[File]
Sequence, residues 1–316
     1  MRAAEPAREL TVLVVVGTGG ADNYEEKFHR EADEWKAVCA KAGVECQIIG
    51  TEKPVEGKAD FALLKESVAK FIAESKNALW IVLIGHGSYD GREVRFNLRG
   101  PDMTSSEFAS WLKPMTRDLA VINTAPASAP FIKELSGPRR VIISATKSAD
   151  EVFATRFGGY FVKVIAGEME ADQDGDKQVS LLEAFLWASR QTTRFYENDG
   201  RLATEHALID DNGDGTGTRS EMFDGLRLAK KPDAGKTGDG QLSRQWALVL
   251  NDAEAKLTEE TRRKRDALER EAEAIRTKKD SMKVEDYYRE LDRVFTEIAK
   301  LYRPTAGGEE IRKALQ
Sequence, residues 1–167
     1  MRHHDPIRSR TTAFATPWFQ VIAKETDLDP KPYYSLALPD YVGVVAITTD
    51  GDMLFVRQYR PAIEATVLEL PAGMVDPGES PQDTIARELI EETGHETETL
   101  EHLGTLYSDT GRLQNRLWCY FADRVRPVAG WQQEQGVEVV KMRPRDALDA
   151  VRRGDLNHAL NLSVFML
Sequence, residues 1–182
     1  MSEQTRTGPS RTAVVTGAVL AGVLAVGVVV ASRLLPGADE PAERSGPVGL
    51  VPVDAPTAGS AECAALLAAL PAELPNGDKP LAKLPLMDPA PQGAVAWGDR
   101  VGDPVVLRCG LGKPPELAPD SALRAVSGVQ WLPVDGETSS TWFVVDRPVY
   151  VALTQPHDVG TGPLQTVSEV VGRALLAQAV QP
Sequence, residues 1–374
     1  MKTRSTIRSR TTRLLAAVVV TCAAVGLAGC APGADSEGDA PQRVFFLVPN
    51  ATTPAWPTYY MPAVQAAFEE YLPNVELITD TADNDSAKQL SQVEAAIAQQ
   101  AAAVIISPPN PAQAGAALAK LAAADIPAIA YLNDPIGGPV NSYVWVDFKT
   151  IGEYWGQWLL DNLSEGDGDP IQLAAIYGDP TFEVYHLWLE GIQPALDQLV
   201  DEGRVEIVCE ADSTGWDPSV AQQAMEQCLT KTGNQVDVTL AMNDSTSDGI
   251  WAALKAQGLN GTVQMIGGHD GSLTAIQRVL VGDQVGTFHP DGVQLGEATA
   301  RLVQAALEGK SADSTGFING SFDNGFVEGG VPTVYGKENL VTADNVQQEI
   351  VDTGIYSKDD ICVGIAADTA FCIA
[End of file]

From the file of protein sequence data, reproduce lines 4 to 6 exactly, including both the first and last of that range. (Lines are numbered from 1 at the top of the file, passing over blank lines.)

   101  PDMTSSEFAS WLKPMTRDLA VINTAPASAP FIKELSGPRR VIISATKSAD
   151  EVFATRFGGY FVKVIAGEME ADQDGDKQVS LLEAFLWASR QTTRFYENDG
   201  RLATEHALID DNGDGTGTRS EMFDGLRLAK KPDAGKTGDG QLSRQWALVL